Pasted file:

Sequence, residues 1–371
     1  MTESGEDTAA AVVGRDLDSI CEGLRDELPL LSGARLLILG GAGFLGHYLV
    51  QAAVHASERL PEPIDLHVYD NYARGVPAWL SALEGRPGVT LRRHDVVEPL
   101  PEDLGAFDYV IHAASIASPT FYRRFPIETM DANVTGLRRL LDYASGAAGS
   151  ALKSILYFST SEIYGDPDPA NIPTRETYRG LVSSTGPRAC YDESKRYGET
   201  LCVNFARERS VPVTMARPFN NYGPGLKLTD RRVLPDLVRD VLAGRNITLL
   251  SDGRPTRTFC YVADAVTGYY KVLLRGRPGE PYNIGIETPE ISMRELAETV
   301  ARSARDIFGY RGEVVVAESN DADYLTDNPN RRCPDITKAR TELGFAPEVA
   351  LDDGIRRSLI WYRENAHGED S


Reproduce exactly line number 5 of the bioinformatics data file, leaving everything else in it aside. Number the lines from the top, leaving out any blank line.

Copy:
   151  ALKSILYFST SEIYGDPDPA NIPTRETYRG LVSSTGPRAC YDESKRYGET